The only update from Gallant on Monday was that Glass was not with the team and that he went through concussion protocol on Sunday night.

Adam Gretz is a writer for Pro Hockey Talk on NBC Sports. Drop him a line at phtblog@nbcsports.com or follow him on Twitter @AGretz.

The Buzzer: McDavid, Matthews deliver on opening night

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Three Stars

1. Leon DraisaitlOilers

The big Oilers forward blew away previous career-highs last season, scoring an impressive 50 goals and 105 points. Considering the 21.6 shooting percentage he rode, and previous seasons of 70 and 77 points, many expected Draisaitl to come down to Earth.

Well, he began the 2019-20 season just as hot.

Draisaitl was the only player to score three points on Wednesday (one goal, two assists), and the Oilers needed all three of them in a snug 3-2 win against the Canucks. Draistail also generated a +2 rating, six shots on goal, and logged a defenseman-like 26:46 TOI in that win (about five minutes more than Connor McDavid‘s 21:40).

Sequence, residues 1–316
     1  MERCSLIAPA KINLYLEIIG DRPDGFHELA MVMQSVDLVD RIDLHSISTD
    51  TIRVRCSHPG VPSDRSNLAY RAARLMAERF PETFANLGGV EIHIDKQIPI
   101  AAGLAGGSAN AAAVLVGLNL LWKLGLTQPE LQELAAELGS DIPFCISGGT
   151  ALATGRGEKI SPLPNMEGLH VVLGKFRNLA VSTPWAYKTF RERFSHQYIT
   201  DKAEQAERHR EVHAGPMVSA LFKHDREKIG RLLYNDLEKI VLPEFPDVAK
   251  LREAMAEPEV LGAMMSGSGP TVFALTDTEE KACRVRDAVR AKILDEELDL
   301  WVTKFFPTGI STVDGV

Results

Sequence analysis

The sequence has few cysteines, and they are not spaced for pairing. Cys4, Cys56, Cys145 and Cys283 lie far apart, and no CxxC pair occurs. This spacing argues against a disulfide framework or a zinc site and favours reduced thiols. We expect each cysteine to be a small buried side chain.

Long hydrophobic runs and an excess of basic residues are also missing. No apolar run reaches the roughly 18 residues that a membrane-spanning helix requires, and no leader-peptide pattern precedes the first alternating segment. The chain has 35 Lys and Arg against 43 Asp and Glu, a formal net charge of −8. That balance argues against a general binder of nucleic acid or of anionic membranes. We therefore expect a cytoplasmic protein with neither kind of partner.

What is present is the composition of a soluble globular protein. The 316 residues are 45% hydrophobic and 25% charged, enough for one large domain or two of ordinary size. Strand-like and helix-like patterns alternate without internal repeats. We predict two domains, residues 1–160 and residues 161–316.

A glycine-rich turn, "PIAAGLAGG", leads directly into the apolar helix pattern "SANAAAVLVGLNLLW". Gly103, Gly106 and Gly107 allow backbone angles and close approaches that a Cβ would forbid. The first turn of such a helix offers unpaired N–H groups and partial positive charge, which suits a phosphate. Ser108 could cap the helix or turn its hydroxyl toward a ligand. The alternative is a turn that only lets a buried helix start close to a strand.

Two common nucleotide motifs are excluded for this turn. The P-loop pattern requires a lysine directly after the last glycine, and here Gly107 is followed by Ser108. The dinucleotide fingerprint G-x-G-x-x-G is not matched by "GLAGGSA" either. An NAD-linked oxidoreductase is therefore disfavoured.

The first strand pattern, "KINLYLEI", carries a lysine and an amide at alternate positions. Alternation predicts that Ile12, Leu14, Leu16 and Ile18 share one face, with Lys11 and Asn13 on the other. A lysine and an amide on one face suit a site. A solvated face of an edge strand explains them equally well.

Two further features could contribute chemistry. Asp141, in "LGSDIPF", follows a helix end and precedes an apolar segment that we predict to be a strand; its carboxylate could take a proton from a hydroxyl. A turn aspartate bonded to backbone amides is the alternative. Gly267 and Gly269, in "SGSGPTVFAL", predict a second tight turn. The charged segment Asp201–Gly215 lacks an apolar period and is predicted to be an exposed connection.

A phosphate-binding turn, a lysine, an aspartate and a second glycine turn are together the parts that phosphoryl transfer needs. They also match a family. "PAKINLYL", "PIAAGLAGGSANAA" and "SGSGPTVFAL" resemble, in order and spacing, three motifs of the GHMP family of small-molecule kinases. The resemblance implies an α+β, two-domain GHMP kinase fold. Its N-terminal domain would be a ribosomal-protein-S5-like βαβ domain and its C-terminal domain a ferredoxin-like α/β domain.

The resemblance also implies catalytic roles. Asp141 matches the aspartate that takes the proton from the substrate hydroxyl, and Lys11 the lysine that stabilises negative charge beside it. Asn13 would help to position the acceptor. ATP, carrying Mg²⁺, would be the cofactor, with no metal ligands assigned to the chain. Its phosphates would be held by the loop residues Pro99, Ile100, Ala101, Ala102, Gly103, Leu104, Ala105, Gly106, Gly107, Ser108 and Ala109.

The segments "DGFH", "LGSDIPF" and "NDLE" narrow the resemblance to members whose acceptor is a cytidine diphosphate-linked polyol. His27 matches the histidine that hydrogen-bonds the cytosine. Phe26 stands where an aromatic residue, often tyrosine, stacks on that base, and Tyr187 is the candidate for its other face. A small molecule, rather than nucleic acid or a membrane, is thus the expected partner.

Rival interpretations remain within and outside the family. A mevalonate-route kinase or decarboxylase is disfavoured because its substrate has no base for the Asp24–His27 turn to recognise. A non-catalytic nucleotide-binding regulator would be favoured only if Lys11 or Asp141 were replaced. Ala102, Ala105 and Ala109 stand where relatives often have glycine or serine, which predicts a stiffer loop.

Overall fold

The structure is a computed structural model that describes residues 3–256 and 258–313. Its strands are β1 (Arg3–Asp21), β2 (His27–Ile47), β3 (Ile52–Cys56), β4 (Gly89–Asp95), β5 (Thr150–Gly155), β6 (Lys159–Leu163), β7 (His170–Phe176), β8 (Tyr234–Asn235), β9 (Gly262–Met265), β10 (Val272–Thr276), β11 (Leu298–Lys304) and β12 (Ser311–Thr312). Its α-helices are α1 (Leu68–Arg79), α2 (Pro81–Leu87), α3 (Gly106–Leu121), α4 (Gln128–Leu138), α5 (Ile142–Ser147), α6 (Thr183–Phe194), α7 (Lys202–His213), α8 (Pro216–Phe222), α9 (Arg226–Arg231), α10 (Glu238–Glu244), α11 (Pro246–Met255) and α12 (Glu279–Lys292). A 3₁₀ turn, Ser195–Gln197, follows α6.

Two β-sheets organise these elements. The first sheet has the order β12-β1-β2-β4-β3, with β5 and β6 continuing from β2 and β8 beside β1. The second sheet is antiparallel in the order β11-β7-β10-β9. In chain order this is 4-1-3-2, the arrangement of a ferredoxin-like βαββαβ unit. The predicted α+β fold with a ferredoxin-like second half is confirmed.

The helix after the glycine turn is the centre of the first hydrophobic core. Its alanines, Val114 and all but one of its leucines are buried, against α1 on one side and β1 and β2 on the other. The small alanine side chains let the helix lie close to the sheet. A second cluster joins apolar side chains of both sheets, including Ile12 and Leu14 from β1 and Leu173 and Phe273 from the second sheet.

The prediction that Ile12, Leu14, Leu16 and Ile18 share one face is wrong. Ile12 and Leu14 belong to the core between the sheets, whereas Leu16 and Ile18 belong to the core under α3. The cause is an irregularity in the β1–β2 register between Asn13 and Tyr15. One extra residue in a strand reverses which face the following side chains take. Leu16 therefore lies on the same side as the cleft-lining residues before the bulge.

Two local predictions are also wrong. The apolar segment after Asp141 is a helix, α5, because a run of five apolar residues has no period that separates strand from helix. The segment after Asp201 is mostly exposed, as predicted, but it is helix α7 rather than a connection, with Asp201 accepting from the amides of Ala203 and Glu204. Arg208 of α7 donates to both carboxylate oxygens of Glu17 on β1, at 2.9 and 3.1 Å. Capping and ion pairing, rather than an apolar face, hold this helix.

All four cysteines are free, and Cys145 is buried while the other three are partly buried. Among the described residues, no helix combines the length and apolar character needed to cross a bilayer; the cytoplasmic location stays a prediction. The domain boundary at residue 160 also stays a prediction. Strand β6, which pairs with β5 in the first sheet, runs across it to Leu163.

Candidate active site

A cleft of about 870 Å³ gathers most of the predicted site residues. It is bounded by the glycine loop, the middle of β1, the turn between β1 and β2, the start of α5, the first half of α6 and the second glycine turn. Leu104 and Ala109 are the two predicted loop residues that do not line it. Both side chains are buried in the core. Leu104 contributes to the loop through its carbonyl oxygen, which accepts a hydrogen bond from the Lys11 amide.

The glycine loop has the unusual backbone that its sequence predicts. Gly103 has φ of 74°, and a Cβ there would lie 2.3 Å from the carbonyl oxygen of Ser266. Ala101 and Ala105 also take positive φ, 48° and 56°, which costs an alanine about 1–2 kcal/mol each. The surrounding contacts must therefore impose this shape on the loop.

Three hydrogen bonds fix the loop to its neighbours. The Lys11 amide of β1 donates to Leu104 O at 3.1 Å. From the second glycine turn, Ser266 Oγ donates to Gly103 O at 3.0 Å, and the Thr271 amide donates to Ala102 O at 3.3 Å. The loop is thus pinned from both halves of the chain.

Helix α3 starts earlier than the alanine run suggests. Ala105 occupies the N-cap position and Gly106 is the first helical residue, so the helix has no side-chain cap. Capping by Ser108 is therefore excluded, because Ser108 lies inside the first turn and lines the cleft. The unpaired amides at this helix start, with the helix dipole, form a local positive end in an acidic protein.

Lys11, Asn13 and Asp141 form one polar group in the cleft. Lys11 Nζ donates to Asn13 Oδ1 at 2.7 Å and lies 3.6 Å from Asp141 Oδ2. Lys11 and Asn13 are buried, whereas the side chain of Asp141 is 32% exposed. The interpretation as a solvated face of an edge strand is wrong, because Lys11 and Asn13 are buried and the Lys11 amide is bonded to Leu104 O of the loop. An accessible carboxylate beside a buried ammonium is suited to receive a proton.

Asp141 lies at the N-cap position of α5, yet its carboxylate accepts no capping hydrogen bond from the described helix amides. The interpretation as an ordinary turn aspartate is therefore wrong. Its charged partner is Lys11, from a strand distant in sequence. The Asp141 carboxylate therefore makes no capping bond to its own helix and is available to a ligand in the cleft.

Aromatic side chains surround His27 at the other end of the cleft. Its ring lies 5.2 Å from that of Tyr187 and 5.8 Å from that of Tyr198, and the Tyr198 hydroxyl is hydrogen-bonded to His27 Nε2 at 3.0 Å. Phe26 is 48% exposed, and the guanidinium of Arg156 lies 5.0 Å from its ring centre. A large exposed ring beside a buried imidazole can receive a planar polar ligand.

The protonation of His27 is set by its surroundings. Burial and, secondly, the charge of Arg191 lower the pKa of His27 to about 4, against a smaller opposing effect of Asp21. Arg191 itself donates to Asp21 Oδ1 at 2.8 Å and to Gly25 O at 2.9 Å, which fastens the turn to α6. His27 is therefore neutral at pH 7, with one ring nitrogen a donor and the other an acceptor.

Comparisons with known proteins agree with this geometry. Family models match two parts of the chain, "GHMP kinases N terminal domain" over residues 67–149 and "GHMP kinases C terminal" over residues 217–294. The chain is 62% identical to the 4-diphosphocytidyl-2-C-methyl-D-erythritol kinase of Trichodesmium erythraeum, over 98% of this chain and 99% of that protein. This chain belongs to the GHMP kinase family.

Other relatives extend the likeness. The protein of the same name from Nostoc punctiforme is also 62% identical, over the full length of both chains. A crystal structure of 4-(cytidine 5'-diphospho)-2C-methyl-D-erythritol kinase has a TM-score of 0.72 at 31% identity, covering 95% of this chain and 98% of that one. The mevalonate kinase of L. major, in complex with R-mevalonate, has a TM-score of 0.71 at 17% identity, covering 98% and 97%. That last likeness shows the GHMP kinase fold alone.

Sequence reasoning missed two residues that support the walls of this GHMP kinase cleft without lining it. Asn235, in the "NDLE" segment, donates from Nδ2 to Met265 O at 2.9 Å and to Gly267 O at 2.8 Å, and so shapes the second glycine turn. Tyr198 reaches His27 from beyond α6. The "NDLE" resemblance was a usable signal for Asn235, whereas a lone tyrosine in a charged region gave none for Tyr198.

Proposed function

2. Auston MatthewsMaple Leafs

Matthews continues to be a force on opening nights, generating two goals as the Maple Leafs shook off a shaky start to cruise against the Senators. One of Matthews’ two goals ended up being the game-winner, and both came off absolutely splendid passes (from William Nylander and Mitch Marner respectively).

John Tavares ended up being named captain instead of Matthews (understandably), but if you handed out an “O” for opening nights, you’d have to hand that letter to Matthews.

Matthews had a +2 rating and eight SOG.

3. Reilly SmithGolden Knights

If you prefer, you might name Mark Stone as the better Golden Knight of that dominant win for Vegas, as Stone generated two points (1G, 1A) of his own while being great all-around as always.